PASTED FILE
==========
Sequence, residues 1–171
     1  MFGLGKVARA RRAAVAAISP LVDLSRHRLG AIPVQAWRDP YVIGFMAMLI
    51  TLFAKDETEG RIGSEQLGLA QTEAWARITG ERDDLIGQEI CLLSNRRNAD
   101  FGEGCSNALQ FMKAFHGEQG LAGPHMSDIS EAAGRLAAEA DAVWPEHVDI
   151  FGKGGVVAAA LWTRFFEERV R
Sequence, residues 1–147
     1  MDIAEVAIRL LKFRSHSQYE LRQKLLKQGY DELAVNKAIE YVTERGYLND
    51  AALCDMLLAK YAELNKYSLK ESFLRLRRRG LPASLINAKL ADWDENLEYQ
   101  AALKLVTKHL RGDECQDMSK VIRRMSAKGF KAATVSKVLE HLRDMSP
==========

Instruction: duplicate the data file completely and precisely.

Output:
Sequence, residues 1–171
     1  MFGLGKVARA RRAAVAAISP LVDLSRHRLG AIPVQAWRDP YVIGFMAMLI
    51  TLFAKDETEG RIGSEQLGLA QTEAWARITG ERDDLIGQEI CLLSNRRNAD
   101  FGEGCSNALQ FMKAFHGEQG LAGPHMSDIS EAAGRLAAEA DAVWPEHVDI
   151  FGKGGVVAAA LWTRFFEERV R
Sequence, residues 1–147
     1  MDIAEVAIRL LKFRSHSQYE LRQKLLKQGY DELAVNKAIE YVTERGYLND
    51  AALCDMLLAK YAELNKYSLK ESFLRLRRRG LPASLINAKL ADWDENLEYQ
   101  AALKLVTKHL RGDECQDMSK VIRRMSAKGF KAATVSKVLE HLRDMSP